Jose: Hey, Brian. Have you found your references for writing up your paper for the online course assignment that's due in two weeks?
Brian: Oh right, Jose. I need your help on that. I don't really know where to find references for my paper. You have any suggestions?
Jose: Have you tried the University Library' electronic databases? You could search for relevant books, e-journals, theses and dissertations or even request inter-library loans if Penn State doesn't have the references you need.
Brian: Wow! I didn't know that. Where can I find that information?
Jose: Just go to the Libraries Web page, and look for "Information and Services" page. You'll find a lot of useful links. And make sure you cite your references properly in your paper to avoid plagiarism. That information's there,too.
Brian: Jose, you're such a great help! I will definitely look up the Libraries Web page. Umm...you want half a sandwich? Only missing one bite.
Awareness of available academic resources and technical support will help you solve problems you encounter throughout your online learning period.
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You can access the University Libraries resources and services via your Penn State Access Account. The University Libraries have an "Information and Services" Web page with useful links for undergraduate students at Penn State to search for relevant information. With these links, you can research how to find books, theses, and journal articles on electronic databases, how to organize your research by using referencing software or appropriate citation styles, and how to make course reserves, obtain materials through interlibrary loan, or contact librarians. You may visit the Web site at http://www.libraries.psu.edu/psul/infosvcs/undergrad.html for more information.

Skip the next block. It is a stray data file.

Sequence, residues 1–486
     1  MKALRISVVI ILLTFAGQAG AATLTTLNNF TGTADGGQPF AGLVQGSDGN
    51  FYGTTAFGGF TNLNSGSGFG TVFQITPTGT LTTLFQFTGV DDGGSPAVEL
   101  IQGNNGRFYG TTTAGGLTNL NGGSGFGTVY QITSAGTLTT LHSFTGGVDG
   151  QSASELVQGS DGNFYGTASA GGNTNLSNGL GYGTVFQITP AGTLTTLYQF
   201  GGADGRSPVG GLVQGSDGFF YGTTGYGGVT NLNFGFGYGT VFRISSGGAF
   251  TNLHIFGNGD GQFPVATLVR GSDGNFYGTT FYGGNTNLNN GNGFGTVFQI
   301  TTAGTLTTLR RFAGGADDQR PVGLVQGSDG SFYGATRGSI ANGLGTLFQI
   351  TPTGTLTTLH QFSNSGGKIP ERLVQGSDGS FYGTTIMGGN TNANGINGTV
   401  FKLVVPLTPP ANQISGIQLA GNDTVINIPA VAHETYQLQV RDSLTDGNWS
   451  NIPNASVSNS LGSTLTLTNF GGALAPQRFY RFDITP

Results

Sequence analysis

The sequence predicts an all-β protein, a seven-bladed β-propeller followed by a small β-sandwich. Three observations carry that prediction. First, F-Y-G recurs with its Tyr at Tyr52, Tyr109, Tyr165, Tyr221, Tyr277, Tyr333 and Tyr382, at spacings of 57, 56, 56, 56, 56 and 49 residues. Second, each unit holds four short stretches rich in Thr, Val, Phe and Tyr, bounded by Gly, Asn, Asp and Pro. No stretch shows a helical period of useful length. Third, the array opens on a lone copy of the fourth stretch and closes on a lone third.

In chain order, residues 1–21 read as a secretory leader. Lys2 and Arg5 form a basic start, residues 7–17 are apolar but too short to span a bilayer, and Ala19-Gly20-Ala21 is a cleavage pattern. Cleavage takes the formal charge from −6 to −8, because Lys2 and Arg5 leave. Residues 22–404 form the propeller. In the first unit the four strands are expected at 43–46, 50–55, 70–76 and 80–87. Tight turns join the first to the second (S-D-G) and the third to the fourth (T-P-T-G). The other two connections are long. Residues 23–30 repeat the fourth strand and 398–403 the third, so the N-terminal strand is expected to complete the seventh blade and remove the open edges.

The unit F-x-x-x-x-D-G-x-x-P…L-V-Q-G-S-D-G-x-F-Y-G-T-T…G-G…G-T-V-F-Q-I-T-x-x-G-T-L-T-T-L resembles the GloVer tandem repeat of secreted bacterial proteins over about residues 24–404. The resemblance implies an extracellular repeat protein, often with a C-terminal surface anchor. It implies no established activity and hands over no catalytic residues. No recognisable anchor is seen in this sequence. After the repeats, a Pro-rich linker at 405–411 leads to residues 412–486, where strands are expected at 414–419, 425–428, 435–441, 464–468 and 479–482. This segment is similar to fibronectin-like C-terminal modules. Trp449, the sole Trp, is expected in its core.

If you are taking a World Campus online course, you may access the Penn State Outreach HelpDesk Web site for technical support by using your Penn State Access Account. The Outreach HelpDesk online knowledgebase (http://psu.intelliresponse.com/worldcampus/) has a vast collection of frequent questions and answers that allows you to search for solutions from the knowledgebase.